After police said they would hunt down those behind a campaign to light landmarks commemorating 2010’s street protests and violence, former members of a defunct political party stepped forward to take credit.
Progressive Movement, a group comprised of former Future Forward Party members, outed itself last night as being behind the “Seek the Truth” messages beamed onto several spots throughout Bangkok on Sunday night.
The group posted a timelapse video of its team operating the protection mapping from inside a van and said it would publicize more information regarding the 2010 crackdown that left nearly 100 dead in the capital.
“How many times have people with empty hands been killed in cold blood? How many times have killers and those behind them never been prosecuted, and even stepped into the lanes of power?” the group wrote online.
พฤษภา 35|53 ความจริงต้องปรากฏ.ถีบลงเขา-เผาลงถังแดง14 ตุลา6 ตุลาพฤษภา ’35พฤษภา ’53.กี่ครั้งที่ประชาชนมือเปล่า…
The group said that now through May 20, it would release more information regarding 2010’s violence. Gen. Prawit Wongsuwan, who helped engineer the 2014 coup and now serves as deputy prime minister, said today that his officers are investigating the matter.
After the Future Forward Party was dissolved by the Constitutional Court in February, some of its leaders were banned from politics for 10 years, including party head Thanathorn Juangroongruangkit, deputy leader Piyabutr Saengkanokkul and executive member Pannika Wanich, who then founded Progressive Thai.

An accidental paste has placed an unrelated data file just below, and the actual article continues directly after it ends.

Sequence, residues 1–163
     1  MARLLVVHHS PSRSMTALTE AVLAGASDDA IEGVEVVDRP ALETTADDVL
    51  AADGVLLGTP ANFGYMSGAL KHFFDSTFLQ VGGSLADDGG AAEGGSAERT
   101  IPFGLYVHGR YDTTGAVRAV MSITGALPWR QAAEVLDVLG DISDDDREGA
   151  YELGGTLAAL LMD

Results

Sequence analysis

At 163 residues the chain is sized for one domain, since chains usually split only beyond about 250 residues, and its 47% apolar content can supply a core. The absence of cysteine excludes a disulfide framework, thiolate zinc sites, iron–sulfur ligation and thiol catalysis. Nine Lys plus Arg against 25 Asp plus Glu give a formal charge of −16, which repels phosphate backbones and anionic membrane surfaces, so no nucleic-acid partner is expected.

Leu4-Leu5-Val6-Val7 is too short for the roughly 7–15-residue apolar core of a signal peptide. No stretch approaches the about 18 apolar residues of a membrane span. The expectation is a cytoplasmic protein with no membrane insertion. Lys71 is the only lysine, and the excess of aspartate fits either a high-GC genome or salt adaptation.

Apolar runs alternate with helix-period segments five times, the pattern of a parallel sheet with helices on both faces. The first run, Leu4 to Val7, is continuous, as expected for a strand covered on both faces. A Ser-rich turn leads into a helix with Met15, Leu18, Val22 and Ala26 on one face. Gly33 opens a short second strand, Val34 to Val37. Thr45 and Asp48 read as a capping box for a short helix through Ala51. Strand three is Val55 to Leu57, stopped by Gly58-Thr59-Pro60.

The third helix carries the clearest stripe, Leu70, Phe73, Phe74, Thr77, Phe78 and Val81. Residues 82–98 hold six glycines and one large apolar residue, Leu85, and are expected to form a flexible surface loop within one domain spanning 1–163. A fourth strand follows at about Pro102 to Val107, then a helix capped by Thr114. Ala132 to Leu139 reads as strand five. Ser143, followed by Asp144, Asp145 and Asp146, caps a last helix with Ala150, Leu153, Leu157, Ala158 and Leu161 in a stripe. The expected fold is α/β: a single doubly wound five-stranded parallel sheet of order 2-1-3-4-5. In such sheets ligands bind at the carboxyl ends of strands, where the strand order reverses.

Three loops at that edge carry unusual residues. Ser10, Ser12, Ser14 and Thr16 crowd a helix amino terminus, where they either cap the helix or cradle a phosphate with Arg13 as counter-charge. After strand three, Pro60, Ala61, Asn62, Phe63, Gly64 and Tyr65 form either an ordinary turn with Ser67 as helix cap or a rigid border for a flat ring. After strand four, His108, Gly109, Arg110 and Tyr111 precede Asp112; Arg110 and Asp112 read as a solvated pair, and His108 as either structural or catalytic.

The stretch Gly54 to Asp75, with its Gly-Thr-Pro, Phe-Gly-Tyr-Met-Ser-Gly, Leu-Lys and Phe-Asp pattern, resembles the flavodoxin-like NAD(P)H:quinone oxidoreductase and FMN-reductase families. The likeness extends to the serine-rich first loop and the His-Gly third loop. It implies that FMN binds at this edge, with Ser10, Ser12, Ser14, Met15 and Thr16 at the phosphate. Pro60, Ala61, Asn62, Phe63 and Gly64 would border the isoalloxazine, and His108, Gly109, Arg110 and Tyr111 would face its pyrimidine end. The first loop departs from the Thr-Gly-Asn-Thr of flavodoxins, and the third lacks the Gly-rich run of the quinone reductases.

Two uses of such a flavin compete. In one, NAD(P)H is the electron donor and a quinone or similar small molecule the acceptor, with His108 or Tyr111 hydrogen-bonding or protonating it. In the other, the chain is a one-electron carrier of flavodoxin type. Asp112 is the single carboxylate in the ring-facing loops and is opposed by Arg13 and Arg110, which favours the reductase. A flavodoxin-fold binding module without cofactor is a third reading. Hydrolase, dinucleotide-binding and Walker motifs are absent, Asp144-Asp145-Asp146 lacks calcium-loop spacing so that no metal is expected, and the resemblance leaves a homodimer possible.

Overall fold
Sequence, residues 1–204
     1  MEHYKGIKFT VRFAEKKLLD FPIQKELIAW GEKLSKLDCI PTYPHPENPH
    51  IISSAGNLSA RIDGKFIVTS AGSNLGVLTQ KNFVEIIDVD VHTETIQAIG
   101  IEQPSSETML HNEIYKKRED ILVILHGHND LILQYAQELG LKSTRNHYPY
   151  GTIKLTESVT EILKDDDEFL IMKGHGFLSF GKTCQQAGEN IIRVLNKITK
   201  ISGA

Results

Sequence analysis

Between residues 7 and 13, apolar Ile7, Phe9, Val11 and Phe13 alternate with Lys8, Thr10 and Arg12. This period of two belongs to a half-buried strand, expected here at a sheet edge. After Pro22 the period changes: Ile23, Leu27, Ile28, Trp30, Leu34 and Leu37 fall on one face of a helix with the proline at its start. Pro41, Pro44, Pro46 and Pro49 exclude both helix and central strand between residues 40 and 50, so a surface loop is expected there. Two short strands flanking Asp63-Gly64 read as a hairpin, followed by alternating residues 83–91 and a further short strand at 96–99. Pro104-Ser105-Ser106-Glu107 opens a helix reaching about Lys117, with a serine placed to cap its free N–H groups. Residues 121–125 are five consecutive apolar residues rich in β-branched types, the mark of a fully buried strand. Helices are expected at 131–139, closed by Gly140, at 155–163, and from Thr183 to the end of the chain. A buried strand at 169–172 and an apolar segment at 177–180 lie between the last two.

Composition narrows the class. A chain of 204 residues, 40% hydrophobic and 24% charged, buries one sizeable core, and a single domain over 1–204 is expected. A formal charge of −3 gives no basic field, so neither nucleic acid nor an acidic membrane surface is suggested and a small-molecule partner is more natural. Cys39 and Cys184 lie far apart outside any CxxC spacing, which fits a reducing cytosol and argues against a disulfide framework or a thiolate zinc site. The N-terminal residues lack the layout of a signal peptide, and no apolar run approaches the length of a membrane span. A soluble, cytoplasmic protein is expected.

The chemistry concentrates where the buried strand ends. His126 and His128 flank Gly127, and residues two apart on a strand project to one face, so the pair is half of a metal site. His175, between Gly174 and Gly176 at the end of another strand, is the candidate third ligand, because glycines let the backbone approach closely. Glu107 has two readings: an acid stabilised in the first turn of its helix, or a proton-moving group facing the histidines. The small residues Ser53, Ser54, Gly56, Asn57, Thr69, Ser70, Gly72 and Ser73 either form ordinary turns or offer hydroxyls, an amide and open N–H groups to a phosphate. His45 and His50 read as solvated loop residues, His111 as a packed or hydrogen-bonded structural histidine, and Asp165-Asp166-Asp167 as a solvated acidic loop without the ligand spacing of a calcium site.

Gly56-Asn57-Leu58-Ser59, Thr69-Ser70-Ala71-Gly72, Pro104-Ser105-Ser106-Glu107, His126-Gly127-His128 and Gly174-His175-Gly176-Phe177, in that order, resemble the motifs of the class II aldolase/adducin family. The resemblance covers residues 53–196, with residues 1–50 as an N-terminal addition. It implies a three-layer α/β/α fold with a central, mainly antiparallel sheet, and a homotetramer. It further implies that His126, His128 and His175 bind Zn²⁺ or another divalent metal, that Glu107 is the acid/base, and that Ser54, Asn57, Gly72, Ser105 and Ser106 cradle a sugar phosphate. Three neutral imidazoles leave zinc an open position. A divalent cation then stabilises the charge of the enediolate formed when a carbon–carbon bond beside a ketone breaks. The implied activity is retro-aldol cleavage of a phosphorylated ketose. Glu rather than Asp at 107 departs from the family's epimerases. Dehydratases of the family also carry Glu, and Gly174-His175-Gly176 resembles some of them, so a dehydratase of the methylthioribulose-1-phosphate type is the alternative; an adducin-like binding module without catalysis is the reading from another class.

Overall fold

Pannika at the time famously called out the government for “forming a dark alliance” with former Malaysian PM Najib Razak’s government in covering up its massive 1MDB scandal.
Pannika last night tweeted that the messages projected around the capital were “only the beginning.”
— Pannika Wanich (@Pannika_FWP) May 11, 2020
On Sunday night, messages reading “Seek the Truth” in Thai were projected on significant sites from a chapter of upheaval that unfolded 10 years ago when more than 100,000 people, many Redshirt supporters of former ousted Prime Minister Thaksin Shinawatra, converged on the capital to demand elections.
The messages were spotted at several locations marred by scenes of violence: the Democracy Monument near the first spasm of violence on April 10; a corner of Soi Rangnam where two civilians were shot; and Wat Pathum Wanaram, where soldiers are suspected of killing six people seeking sanctuary at the conclusion of the crackdown on May 19, 2010. Nearly 100 people were killed, mostly civilians. Five soldiers died, as well as a Japanese journalist.
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